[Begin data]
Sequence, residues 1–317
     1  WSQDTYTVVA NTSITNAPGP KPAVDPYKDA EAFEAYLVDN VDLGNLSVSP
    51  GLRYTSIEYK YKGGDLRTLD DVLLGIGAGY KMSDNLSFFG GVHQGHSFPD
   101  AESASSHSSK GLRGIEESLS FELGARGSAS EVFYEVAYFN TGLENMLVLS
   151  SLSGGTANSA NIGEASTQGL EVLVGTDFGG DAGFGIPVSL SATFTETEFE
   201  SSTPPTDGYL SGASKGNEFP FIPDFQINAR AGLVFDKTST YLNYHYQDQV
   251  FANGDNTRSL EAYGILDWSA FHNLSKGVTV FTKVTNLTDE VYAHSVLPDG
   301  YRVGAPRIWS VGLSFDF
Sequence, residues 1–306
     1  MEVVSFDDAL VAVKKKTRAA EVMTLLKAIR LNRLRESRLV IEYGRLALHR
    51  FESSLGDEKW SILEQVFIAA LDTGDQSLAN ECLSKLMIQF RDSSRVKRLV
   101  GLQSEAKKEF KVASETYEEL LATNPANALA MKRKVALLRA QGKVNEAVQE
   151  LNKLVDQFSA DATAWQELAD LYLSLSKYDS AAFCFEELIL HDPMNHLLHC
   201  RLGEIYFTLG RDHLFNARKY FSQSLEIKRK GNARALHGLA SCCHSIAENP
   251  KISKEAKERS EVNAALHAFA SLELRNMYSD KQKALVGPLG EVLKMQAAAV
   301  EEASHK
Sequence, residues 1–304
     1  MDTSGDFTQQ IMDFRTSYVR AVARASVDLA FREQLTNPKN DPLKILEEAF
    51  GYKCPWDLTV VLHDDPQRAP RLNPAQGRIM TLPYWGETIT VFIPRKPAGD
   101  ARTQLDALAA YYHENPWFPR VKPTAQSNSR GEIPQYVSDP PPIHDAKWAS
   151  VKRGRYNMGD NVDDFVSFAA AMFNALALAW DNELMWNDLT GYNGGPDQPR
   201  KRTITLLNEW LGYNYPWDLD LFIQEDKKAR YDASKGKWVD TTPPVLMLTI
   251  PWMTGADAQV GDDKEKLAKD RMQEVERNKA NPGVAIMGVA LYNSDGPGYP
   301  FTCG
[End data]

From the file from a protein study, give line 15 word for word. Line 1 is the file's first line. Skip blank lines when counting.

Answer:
   251  KISKEAKERS EVNAALHAFA SLELRNMYSD KQKALVGPLG EVLKMQAAAV